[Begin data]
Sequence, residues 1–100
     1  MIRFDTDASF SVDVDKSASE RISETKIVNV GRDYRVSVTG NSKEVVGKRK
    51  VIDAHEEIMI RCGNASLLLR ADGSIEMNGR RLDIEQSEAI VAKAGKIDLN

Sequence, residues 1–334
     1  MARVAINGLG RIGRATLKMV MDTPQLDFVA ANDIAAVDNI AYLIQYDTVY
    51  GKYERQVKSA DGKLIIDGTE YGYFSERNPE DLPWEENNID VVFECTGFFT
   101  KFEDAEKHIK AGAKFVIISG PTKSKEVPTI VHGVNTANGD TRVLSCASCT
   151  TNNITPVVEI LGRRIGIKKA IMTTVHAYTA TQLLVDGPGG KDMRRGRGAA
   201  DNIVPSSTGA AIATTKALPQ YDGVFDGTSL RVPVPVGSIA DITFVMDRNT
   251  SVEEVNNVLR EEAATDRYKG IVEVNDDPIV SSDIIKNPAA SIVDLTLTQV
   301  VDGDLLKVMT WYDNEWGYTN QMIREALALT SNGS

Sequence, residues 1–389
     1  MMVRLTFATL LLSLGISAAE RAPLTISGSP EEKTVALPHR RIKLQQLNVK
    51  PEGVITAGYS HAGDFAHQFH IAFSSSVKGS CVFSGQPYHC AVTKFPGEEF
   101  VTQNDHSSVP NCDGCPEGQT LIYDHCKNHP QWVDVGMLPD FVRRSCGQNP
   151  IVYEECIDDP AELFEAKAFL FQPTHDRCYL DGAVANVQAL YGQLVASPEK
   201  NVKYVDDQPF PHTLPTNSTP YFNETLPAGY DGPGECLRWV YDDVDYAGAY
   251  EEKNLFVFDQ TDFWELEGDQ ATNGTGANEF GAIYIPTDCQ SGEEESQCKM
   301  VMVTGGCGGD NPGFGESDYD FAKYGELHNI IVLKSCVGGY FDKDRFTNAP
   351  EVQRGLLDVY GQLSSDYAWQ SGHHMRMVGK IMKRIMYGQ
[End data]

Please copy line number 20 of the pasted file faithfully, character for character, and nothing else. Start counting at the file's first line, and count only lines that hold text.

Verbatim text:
   351  EVQRGLLDVY GQLSSDYAWQ SGHHMRMVGK IMKRIMYGQ